Leaders around the world now view cyber security risks as the greatest threat to their organisations over the next three years.
The issue has catapulted to first place from fifth place in the span of six months according to KPMG’s latest 2021 CEO Outlook Pulse Survey of 500 CEOs across 11 countries, signalling the escalating concerns over cyber security weaknesses.
Meanwhile, tax risk – which was ninth on the list in August 2020 – is now the second-biggest risk as perceived by global CEOs, tied with regulatory risk, which was eighth on the list.
Among Australian CEOs, environment/climate risk was named as a joint top risk alongside cyber security.
In a reflection of growing security concerns, more than half of CEOs (52 per cent) expect to spend more on data security.
According to the study, the pandemic has forced the acceleration of business’ digital transformation.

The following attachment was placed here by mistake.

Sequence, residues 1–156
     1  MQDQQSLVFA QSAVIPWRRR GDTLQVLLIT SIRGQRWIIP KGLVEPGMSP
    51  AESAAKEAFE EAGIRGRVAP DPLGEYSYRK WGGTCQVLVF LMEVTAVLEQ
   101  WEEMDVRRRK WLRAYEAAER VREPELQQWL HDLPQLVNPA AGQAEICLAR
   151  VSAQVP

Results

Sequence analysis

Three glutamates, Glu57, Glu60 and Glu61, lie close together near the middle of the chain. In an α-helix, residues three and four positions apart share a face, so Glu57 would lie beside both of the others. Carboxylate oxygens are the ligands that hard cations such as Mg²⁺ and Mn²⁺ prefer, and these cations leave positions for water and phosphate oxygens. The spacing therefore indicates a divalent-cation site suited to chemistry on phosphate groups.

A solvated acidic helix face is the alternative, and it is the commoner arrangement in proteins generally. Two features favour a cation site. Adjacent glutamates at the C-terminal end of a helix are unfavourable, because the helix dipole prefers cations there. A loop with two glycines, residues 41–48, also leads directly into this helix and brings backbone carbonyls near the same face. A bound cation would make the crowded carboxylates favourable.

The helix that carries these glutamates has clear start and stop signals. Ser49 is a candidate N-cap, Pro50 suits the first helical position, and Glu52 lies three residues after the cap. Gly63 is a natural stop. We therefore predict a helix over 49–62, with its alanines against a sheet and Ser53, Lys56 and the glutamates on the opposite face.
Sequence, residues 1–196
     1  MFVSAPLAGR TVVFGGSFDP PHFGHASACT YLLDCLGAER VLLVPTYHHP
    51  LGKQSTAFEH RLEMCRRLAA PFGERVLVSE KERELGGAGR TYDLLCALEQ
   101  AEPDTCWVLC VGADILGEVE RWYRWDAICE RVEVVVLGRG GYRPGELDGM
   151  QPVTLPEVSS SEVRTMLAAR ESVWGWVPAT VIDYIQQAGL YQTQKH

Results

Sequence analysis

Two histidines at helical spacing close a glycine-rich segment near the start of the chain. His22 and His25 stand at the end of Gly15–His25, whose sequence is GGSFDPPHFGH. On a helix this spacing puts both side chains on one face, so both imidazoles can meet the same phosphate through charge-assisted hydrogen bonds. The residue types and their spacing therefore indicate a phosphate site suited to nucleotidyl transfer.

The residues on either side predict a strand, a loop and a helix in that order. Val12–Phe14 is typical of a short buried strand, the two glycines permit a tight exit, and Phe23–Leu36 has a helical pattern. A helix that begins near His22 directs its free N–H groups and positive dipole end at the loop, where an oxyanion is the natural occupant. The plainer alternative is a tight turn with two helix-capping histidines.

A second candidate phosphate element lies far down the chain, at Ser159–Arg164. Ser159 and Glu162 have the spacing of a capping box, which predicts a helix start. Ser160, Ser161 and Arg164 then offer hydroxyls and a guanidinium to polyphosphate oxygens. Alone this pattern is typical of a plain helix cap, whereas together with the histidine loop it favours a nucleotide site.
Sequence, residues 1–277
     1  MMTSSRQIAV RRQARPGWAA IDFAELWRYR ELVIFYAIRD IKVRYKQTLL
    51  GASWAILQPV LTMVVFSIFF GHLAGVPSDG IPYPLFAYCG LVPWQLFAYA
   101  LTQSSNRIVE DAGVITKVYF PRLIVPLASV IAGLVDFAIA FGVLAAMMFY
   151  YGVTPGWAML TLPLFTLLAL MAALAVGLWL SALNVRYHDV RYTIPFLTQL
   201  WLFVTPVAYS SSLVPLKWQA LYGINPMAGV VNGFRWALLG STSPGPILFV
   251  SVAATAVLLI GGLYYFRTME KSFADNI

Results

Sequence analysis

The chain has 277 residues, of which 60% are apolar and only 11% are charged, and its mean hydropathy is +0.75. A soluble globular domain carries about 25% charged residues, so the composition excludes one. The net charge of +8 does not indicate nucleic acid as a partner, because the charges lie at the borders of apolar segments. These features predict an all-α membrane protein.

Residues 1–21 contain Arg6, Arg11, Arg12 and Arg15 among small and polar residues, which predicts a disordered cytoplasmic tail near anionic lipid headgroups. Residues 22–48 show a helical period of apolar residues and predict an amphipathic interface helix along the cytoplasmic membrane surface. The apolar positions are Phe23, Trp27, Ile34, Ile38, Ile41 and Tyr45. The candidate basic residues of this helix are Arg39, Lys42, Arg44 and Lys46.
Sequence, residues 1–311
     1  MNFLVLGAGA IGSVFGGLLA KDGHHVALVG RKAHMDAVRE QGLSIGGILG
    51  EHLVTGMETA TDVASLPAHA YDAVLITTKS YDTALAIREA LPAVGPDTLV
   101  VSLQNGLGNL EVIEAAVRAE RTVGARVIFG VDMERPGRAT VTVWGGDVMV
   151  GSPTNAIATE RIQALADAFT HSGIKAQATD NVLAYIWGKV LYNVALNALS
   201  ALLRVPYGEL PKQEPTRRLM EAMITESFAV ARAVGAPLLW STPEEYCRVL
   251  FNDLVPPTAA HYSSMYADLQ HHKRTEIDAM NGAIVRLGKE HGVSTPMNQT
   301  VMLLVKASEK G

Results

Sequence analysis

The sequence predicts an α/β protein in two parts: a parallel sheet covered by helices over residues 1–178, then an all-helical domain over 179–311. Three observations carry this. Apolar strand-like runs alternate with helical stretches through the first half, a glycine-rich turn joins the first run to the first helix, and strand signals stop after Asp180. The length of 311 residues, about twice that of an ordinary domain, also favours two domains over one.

“As companies move from crisis mode and attempt to normalise operations, CEOs are shifting their focus to cyber security issues and differentiating themselves through their digital connectivity with customers,” the report said.
KPMG’s report comes just months after the World Economic Forum’s 16th edition of the Global Risks 2021 report, named cyber security failures as the biggest threat to the world in the next two years.
“Business, government and household cyber security infrastructure and/or measures are outstripped or rendered obsolete by increasingly sophisticated and frequent cybercrimes, resulting in economic disruption, financial loss, geopolitical tensions and/ or social instability,” the WEF report said.
Information technology expert Andre Conti warned Australian business leaders that cyber security incidents were a matter of ‘when, not if’.
“Any organisation around the world, I would say, is always at the mercy of something happening to them,” he told Yahoo Finance.
“It’s not ‘if’ it’s going to happen – it’s more ‘when’ it’s going to happen,” Conti said. “Because 100 per cent security doesn’t exist.”
Organisations will need to implement safeguards in place to prevent breaches, as well as have strong response plans, Conti warned.